In fact, this substance is not physically addictive in the same way as heavy drugs. It mainly causes mental addiction. We are then dealing with certain biological phenomena, such as stimulation of the nervous system resulting in increased secretion of endorphins, a "natural drug". Mental addiction is primarily about a certain pattern of behavior that pushes aside care and provides pleasure. This pattern may gradually limit other ways of dealing with problems. The same applies to the use of THC, which strengthens the received stimuli, and at some point, the addict just starts missing something.



As with most addictions, everything depends on an individual’s biological and psychological predispositions. However, it is widely believed that lonely people are most susceptible to addiction. Relationships, family, marriage, and having a child can all reduce the need to change consciousness.



The fact that most users never experience addiction does not mean that it doesn't exist at all. Some marijuana users exhibit all the classic behavior of an addict such as:

Sympthoms of THC addiction

  • the internal sense of need to take the substance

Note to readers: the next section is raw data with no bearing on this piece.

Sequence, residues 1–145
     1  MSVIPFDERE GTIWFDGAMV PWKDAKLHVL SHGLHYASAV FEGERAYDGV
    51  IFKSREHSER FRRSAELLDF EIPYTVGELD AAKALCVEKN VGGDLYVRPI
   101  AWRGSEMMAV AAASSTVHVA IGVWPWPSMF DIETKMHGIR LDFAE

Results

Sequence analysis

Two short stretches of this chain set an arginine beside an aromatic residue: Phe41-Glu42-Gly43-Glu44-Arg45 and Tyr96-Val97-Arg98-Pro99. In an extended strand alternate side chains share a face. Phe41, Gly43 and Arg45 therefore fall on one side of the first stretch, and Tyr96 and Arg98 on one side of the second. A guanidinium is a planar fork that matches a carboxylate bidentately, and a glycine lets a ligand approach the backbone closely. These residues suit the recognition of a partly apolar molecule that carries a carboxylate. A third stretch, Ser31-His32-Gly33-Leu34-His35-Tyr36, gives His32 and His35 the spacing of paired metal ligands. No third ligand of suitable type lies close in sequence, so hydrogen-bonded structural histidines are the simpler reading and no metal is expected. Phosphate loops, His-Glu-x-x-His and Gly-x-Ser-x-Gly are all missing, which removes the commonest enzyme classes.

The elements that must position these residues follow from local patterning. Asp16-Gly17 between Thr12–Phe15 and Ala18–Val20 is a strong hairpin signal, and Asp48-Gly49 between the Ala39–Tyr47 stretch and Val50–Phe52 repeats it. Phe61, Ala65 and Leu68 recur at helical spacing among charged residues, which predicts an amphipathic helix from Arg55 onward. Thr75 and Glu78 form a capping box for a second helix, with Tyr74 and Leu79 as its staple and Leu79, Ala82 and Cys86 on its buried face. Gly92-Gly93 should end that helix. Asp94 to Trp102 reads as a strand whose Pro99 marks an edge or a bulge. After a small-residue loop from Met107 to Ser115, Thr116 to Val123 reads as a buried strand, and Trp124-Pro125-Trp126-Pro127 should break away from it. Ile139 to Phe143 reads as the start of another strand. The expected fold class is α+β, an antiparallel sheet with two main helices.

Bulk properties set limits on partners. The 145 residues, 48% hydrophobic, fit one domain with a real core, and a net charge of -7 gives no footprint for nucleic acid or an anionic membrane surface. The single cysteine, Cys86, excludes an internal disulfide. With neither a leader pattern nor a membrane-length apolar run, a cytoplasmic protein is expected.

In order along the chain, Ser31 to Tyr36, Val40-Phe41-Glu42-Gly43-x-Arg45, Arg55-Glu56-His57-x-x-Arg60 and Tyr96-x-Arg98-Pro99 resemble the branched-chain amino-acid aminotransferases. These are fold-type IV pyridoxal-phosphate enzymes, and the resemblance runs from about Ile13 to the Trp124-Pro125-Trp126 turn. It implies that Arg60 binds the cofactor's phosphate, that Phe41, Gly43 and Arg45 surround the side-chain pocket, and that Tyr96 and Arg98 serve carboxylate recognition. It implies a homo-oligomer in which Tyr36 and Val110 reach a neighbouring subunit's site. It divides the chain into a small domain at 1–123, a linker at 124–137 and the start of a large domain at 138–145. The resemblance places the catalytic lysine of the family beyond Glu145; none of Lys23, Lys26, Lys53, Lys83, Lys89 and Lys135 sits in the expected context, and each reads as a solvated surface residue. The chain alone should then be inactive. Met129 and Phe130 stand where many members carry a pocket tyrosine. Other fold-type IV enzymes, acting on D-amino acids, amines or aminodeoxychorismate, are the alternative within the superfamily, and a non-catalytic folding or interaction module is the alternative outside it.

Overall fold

• increased tolerance to the drug - the more an addicted person takes THC, the more intoxicating substances present in the cannabis are needed to feel the same effects as at the beginning of the "adventure" with THC
  • the amotivation syndrome, which consists in slowing down life dynamics, loss of ambition and previous passions
  • difficulty falling asleep
  • increased feelings of anxiety
  • changes in digestion and appetite
  • nausea
  • vomiting
  • tremors



THC as has huge medical potential. Although tetrahydrocannabinol is particularly known for its intoxicating effects on the human body, more and more research confirms its health properties, opening the door to THC-based medical careers. The low probability of overdose and the relatively low addictive potential make this compound more and more helpful for people struggling with troublesome conditions such as insomnia, anxiety disorders, and post-traumatic stress disorder (PTSD). In addition, there is very little specific evidence to support theories about the effects of long-term THC intake. This situation can have a calming influence on people who started their adventure with THC some time ago, and so belong to the group of tetrahydrocannabinol old birds.